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A Model Based Definition of a Reference CO2 Emissions Value for Passenger Cars under Real World Conditions

Aristotle University of Thessaloniki-Zissis Samaras, Dimitris Tsokolis, Athanasios Dimaratos, Leonidas Ntziachristos, Stylianos Doulgeris
TNO Automotive-Norbert Ligterink, Willar Vonk, Rob Cuelenaere
Published 2018-05-30 by SAE International in United States
With the adoption of the Worldwide harmonized Light Vehicles Test Procedure (WLTP) and the Real Driving Emissions (RDE) regulations for testing and monitoring the vehicle pollutant emissions, as well as CO2 and fuel consumption, the gap between real world and type approval performances is expected to decrease to a large extent. With respect to CO2, however, WLTP is not expected to fully eliminate the reported 40% discrepancy between real world and type approval values. This is mainly attributed to the fact that laboratory tests take place under average controlled conditions that do not fully replicate the environmental and traffic conditions experienced over daily driving across Europe. In addition, any uncertainties of a pre-defined test protocol and the vehicle operation can be optimized to lower the CO2 emissions of the type approval test.Such issues can be minimized in principle with the adoption of a real-world test for fuel consumption. However, repeatability and an accuracy of a few gCO2/km is difficult to achieve due to the actual drag, the road surface effect on driving resistance, the road…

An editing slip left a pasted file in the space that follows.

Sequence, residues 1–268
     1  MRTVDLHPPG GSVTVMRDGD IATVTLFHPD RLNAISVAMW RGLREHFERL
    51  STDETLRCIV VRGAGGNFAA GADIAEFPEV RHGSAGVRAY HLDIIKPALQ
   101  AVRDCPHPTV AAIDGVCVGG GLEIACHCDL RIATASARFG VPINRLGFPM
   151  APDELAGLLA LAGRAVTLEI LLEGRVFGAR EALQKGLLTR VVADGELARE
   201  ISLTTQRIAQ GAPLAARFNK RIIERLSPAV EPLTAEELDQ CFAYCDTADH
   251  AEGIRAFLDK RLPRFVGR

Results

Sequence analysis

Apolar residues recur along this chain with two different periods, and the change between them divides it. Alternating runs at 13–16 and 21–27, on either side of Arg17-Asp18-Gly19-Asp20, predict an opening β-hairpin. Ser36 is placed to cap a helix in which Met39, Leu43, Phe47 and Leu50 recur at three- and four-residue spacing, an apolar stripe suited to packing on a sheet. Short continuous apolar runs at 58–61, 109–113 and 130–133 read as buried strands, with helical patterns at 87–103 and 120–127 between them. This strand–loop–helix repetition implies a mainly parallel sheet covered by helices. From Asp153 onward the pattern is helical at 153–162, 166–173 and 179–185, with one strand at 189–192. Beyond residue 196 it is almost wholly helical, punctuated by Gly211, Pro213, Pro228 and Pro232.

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Description of a Novel Concentric Rotary Engine

Aristotle University of Thessaloniki-Vasilis Gkoutzamanis, Zissis Samaras
theSARMproject-Savvas Savvakis
Published 2018-04-03 by SAE International in United States
The present work presents the concept of a new rotary engine, and provides first investigations for its implementation in the energy sector. The main focus of this work is to provide a theoretical description of the engine and its differences from the state-of-the-art technologies. Its innovative principle consists of concentric operation, with two pistons of different rotation radius and the addition of a third intermediate chamber between the compression and combustion chamber. A description of the engine’s physical model is provided, followed by an analysis of the selected specific geometrical features. Additionally, a thermodynamic analysis clarifies the operational advantage compared to the existing cycles and, finally, a numerical investigation on the engine’s bulk performance is provided to quantify the anticipated results of the theoretical analysis. The theoretical description concludes that the new rotary engine is characterized by simple design with the minimum possible moving parts that can be easily integrated into hybrid systems or small sized applications. Its anticipated volume and weight is five to six times smaller than that of conventional engines owing to…
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Effect of Diesel Properties on Emissions and Fuel Consumption from Euro 4, 5 and 6 European Passenger Cars